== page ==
When my nephew Max was a little kid he was afraid of Sasquatch. He would sleep with my Grammu’s old cane and talk about how Sasquatch might come and scare him in the night.
I tried to alleviate that fear by telling him that no way would Sasquatch waste his time scaring little boys in their beds.
“He’s totally gonna march down 494 and into Best Buy HQ to make all the grownup business people poop their pants.”
This morning as we drove past Best Buy HQ at ridiculous o’clock in the morning, both of us silent because neither of us wanted him to leave, I asked him it he remembered that story.
“Sure,” he said. “I remember all the stories. The vampires and voting on colors.”
“I lied a lot,” I said.
“Yeah, we didn’t care.”
We were silent again all the way to the airport. I didn’t want to cry. I didn’t want to make him cry.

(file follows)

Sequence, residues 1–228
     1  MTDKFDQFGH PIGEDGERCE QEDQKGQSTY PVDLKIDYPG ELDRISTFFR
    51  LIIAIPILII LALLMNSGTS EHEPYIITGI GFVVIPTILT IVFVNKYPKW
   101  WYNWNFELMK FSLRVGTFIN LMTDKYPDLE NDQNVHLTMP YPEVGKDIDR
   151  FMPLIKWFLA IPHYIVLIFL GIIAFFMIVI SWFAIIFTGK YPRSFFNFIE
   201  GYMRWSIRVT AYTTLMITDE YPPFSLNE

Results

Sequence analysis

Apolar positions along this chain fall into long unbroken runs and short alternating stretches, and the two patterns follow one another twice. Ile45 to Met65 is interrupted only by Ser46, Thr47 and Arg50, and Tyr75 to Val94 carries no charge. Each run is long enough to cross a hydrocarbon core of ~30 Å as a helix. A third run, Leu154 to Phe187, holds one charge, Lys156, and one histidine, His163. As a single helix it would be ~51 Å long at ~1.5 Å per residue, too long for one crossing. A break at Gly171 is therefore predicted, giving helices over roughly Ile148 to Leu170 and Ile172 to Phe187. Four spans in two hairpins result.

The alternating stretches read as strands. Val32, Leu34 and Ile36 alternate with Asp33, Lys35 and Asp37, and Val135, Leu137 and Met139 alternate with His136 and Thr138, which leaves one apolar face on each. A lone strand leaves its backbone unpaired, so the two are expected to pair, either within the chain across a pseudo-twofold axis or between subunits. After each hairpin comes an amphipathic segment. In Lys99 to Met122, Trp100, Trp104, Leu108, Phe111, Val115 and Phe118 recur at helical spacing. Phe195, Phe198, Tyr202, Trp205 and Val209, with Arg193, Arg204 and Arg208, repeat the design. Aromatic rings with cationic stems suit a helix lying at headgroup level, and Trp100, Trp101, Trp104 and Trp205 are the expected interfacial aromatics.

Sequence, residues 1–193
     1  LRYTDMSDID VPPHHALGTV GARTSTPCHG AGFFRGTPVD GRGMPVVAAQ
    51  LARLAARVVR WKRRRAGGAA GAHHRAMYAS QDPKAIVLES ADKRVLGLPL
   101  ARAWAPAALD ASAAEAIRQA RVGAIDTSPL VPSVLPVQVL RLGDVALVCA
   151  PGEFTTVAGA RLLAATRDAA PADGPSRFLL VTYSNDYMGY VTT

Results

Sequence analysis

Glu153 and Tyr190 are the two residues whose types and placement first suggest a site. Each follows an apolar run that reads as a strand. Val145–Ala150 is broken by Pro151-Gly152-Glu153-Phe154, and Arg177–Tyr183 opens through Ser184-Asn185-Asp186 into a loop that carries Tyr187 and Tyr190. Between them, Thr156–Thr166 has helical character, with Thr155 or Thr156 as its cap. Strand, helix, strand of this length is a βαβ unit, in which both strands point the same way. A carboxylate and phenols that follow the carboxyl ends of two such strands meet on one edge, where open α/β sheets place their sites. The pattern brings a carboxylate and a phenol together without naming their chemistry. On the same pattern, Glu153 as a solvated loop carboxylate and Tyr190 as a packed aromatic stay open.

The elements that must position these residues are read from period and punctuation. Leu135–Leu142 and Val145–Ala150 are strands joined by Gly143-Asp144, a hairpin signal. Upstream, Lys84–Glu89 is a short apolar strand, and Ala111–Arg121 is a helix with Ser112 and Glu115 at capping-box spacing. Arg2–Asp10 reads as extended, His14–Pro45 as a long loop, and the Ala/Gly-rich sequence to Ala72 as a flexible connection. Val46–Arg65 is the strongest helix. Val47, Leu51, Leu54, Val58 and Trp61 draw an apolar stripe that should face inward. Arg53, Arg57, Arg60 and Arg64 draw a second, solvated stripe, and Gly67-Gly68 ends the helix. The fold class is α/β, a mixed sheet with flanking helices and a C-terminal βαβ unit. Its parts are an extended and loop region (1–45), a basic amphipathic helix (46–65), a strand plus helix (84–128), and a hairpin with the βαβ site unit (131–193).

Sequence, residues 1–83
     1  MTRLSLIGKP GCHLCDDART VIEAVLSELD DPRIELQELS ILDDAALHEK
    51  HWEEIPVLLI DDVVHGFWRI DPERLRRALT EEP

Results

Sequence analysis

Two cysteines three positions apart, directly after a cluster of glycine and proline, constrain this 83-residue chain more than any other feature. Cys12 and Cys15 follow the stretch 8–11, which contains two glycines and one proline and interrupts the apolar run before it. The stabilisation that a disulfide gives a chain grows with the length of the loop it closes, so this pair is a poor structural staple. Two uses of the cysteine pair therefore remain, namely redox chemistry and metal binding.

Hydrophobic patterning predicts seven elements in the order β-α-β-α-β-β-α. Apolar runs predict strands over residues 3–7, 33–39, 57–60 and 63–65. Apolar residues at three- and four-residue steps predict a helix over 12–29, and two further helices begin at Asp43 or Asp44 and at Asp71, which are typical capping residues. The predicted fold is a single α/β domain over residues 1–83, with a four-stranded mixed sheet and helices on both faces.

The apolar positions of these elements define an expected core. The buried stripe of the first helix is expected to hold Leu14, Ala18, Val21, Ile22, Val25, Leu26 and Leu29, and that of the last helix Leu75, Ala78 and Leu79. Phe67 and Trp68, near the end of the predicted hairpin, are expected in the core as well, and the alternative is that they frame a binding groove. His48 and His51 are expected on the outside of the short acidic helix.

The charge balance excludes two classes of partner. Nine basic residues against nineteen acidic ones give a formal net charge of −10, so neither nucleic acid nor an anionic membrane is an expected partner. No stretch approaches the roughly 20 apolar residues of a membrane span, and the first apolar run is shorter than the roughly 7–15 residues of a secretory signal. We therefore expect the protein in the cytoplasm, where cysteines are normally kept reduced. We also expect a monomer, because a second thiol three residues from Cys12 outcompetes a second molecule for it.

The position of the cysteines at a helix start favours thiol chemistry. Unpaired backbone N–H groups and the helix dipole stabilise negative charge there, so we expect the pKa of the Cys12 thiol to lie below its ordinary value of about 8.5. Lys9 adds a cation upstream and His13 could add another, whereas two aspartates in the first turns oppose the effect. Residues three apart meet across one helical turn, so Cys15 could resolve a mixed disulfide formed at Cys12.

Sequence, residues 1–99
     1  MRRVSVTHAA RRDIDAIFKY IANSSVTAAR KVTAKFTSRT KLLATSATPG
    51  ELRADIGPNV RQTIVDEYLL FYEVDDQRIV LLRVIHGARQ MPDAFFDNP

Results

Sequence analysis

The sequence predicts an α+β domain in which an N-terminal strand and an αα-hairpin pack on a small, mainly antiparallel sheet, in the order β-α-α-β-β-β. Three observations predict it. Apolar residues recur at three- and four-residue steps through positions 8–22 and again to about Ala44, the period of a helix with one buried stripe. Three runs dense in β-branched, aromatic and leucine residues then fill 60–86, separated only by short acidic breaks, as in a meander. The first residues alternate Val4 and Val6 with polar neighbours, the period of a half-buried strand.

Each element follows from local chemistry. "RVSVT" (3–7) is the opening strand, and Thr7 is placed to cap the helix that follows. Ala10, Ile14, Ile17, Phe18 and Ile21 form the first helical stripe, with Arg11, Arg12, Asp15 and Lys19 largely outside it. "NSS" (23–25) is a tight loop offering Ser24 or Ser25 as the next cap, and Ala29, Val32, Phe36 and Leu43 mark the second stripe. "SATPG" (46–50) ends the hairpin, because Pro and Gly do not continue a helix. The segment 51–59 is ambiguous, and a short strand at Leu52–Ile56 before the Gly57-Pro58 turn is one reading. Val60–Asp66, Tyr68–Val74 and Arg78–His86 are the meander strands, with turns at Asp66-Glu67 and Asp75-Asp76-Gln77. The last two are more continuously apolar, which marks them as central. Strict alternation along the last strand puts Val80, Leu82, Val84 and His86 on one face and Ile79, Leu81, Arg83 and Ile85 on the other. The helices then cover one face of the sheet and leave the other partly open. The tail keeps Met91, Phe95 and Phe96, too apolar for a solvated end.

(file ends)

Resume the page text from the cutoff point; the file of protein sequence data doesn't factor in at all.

“Here you go,” I said as I stopped in front of the Delta Gate, pulling his suitcase from behind his seat.
“Thanks for letting me stay and everything,” he said and opened the door.
“I love you. You can stay any time. I’ll miss you.”
“I’ll miss you too.” He stood outside of Ruby, shrugging into his backpack.
“Don’t forget to read Catcher on the plane!” I shouted as he shut the door.
He rolled his eyes and shook his head and I know he totally loves me even though he’d never say it. Leaving that sixteen-year-old-sized piece of my heart at the airport kinda broke it a little. Having Max here was so good even though it meant I had to wear more clothes than usual and I couldn’t sing as much as I usually do and I ate like a sixteen-year-old boy for a week. Can it be June now? I miss my family so much.